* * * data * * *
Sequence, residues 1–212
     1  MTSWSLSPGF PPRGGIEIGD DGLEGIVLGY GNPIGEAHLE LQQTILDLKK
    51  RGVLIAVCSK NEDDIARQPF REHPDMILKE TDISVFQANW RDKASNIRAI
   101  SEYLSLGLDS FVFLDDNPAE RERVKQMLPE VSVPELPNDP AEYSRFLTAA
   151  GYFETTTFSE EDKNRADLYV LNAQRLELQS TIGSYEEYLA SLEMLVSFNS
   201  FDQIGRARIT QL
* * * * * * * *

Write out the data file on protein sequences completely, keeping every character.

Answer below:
Sequence, residues 1–212
     1  MTSWSLSPGF PPRGGIEIGD DGLEGIVLGY GNPIGEAHLE LQQTILDLKK
    51  RGVLIAVCSK NEDDIARQPF REHPDMILKE TDISVFQANW RDKASNIRAI
   101  SEYLSLGLDS FVFLDDNPAE RERVKQMLPE VSVPELPNDP AEYSRFLTAA
   151  GYFETTTFSE EDKNRADLYV LNAQRLELQS TIGSYEEYLA SLEMLVSFNS
   201  FDQIGRARIT QL